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ohh...I think you didn't get my question....Sorry for so brief question, let me ask it again, why do we use symmetric inverters and buffers instead of normal inverters and buffers in clock tree synthesis????
Clock nets being of higher frequency are more sensitive with regard to timing - transition rise, fall times etc. Hence clock buffers have equal rise and fall slew rates, On the other hand, normal buffers are designed with p/n ratio such that sum of rise delay and fall delay is minimum (atleast for high speed libraries)
Reason for doing this(symmetricity) is to prevent duty cycle of clock signal from changing when it passes through a chain of clock buffers.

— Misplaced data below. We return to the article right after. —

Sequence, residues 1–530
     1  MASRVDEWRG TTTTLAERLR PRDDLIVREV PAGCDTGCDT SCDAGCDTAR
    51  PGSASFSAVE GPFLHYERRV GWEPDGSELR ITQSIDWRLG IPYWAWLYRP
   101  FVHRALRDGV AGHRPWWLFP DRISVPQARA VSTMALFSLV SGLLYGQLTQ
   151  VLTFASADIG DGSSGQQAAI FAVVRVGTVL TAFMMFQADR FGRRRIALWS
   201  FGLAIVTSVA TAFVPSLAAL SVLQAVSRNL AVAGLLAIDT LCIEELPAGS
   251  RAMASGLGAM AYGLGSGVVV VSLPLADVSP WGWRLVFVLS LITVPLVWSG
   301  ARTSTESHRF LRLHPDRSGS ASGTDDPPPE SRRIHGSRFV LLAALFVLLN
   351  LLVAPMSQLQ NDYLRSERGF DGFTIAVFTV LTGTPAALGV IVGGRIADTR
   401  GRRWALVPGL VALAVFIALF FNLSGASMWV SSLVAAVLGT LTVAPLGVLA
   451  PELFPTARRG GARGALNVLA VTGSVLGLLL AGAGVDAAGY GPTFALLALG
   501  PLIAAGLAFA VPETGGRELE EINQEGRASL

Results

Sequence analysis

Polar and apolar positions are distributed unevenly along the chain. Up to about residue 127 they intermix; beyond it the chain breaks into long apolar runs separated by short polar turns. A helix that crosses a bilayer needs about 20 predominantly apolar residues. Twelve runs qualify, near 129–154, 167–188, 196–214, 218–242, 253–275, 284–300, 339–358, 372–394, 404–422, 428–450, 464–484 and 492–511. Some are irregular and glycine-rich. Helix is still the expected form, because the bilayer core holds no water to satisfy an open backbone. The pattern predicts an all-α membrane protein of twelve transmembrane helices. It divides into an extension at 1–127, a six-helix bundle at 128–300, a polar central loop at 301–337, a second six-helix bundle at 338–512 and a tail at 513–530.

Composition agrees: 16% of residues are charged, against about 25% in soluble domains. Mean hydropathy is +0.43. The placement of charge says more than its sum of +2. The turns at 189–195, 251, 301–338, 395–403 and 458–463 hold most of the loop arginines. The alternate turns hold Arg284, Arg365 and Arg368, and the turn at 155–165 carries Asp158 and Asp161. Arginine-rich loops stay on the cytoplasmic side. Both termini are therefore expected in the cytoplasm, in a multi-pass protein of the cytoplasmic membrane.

as you all know that goal of CTS is to meet skew target or in otherwords to achieve minimum skew.
To accomplish this we insert buffers in clock path. Now if buffers have different rise and fall time it will affect clock duty cycle... with this condition also tool can do skew optimization.... but it complicates the whole optimization process as tool has to deal with clock with different duty cycle at different flop paths.
If buffer delays are same only thing tool has to do is to balance the delay by inserting buffers.... skew balancing algorithm may be local skew or global skew optimization as you select it.
If a clock tree is synthesized with all buffers, and an inverted clock is not needed, then an imbalanced buffer does not impact clock duty cycle. The main reason symmetric buffers are used in a clock tree is power. The clock is the most active signal in a design and since slow transitions increases power, clock buffers are symmetric with minimized slews to minimize power.